The toll has been rising since 2000, with 49 casualties in 2012 and more than 350 people killed in the past decade.An elephant at a temple festival parade in Trichur. Thechikkottukavu Ramachandran, Asia’s second tallest captive elephant at 10.5 ft and the most prized at festivals, trampled three women to death at a temple in Perumbavoor in Ernakulam on January 27.

It had earlier been banned from festivals by the Kerala High Court for its aggressive behaviour and partial blindness. The only Indian captive elephant with its own Wikipedia page, Ramachandran-brought to the state from Bihar-has killed seven people and two elephants.
Another tusker that killed a girl on February 7 in Alappuzha was found to have been in musth (heat)-which is when a male becomes aggressive and is recommended a long rest.

“A lobby of brokers, elephant owners, temple committee members, revenue officers and vets is behind this exploitation,” says V.K. Venkitachalam, secretary of the Thrissur-based Heritage Animal Taskforce (HAT).

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elephant calf refuses to leave mother who died trying to save him

It is a sight that highlights the increasing man-animal conflict in india. an elephant calf in assam mourned the death of his mother and refused to leave her side. on wednesday morning, the calf had run out of an elephant herd towards a construction site for the rs. 1,300-crore patanjali mega herbal and food park in assam's sonitpur district and was followed by his mother and another elephant calf.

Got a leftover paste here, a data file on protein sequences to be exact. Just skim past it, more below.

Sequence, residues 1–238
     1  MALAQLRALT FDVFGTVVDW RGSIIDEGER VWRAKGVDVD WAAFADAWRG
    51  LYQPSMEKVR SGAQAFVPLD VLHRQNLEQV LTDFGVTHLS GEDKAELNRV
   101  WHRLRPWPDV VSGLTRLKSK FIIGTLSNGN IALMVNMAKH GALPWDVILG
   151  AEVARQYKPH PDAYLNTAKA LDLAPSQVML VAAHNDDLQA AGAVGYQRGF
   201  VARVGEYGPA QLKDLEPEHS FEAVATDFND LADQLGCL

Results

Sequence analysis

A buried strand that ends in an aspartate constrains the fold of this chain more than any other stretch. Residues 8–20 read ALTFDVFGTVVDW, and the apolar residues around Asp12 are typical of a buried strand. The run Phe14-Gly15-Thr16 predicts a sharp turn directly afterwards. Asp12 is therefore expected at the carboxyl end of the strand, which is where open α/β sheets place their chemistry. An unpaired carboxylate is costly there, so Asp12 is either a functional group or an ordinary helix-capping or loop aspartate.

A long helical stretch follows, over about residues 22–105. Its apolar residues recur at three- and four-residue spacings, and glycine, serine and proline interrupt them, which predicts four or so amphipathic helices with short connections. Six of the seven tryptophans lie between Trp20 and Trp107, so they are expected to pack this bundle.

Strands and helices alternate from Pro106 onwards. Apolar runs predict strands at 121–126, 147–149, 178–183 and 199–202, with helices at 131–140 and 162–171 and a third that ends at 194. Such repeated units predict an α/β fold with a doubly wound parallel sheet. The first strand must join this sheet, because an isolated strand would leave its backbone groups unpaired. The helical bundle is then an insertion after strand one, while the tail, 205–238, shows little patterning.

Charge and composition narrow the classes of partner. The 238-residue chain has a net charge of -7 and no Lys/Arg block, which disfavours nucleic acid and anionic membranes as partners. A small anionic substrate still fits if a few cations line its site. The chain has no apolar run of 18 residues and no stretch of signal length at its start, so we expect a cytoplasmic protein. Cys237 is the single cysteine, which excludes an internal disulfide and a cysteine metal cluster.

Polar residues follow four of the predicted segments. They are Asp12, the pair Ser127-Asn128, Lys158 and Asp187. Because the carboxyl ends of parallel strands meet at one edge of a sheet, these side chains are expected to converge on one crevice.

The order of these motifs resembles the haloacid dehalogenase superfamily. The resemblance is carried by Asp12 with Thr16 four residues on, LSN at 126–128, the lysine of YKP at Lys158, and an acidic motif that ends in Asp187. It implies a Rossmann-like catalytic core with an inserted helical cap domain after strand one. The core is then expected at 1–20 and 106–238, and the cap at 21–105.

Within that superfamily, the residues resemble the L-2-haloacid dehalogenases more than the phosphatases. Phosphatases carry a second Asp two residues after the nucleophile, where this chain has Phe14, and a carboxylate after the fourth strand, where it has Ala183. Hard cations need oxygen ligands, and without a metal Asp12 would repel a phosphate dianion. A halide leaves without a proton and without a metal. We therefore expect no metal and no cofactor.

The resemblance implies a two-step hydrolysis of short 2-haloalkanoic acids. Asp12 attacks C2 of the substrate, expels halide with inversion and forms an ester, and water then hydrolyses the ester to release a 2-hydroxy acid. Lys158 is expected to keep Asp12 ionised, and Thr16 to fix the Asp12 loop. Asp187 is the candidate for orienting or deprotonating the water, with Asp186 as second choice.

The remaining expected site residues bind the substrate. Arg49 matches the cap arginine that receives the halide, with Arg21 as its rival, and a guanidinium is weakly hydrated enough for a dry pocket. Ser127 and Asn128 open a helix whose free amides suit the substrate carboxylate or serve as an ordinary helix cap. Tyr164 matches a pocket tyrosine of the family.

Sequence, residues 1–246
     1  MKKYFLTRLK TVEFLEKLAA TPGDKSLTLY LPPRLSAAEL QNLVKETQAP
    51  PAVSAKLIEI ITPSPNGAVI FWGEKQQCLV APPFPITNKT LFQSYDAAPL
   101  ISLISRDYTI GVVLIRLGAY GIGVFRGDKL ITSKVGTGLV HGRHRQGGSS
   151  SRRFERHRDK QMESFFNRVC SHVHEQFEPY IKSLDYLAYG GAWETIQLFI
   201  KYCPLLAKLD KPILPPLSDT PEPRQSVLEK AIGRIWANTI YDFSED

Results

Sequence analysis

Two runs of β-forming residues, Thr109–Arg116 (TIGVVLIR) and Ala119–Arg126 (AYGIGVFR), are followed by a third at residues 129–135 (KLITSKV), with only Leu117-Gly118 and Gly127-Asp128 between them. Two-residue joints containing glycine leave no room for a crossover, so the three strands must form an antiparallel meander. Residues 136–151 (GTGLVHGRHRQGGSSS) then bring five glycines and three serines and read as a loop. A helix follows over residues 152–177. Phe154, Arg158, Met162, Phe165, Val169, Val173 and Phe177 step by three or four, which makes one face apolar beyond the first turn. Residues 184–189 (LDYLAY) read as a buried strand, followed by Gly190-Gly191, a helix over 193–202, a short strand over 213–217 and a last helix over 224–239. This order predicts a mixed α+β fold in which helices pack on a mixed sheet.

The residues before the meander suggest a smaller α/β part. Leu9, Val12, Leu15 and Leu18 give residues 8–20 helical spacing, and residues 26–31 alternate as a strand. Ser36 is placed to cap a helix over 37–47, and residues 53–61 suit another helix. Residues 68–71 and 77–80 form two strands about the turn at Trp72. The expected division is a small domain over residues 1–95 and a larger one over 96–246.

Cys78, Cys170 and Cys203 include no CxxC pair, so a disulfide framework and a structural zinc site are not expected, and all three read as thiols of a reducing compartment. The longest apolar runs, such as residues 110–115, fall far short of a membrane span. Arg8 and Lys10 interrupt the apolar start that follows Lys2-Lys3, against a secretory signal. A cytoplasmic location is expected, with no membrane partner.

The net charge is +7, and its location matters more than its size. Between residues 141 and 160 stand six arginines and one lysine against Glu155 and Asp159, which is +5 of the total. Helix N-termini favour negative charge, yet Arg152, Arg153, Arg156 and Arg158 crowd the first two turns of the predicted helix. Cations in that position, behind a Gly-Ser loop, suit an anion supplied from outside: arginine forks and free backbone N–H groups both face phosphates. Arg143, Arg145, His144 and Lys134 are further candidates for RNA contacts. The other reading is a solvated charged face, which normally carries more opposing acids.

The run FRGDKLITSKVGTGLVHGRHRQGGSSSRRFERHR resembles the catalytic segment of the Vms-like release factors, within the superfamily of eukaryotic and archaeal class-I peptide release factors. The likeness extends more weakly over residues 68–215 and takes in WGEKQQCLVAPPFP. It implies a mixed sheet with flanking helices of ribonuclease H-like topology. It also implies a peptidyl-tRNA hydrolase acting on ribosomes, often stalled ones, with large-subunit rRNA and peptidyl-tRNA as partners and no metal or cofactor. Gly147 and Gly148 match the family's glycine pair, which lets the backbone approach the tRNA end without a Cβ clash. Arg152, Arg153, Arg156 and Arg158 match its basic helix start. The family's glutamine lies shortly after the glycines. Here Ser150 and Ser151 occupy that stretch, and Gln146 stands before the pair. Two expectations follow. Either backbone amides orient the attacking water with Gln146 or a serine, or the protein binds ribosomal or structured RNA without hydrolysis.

The mother elephant, who suffered injuries after faling in the pit, died 19 hours later on thursday. while one calf was able to come out of the pit, the other stayed with the mother's body, and had to be rescued by locals.The assam forest department has filed a police complaint against the builder of patanjali mega herbal and food park for negligense in providing safety to wild elephants and digging pits at the construction site.

 There were more than 14 open pits and some of them were filed up with ground after forest minister pramila rani brahma visited the site after the death of the elephant, jasim ahmed, additional conservator of forest, west sonitpur forest division, said. the forest minister instructed the builder to keep half of the over-200-acre land free from construction through which the elephants could move.

The foundation stone of the patanjali mega herbal and food park was laid on november 6 by assam chief minister sarbananda sonowal in the presense of patanjali founder and yoga guru ramdev, union minister of state for heavy industries babul supriyo and state industries minister chandramohan patowary among others.

Dilip nath, member of aranya surakha samittee, sonitpur, told press trust of india that the place was known to be an elephant zone often frequented by them from the nearby forest. Meanwhile, state congress spokesman apurba bhattacharya claimed that as the area was an elephant corridor and used by the animals for giving birth to their calves and that the previous congress administration in the state had not allowed the government land to be given to anyone.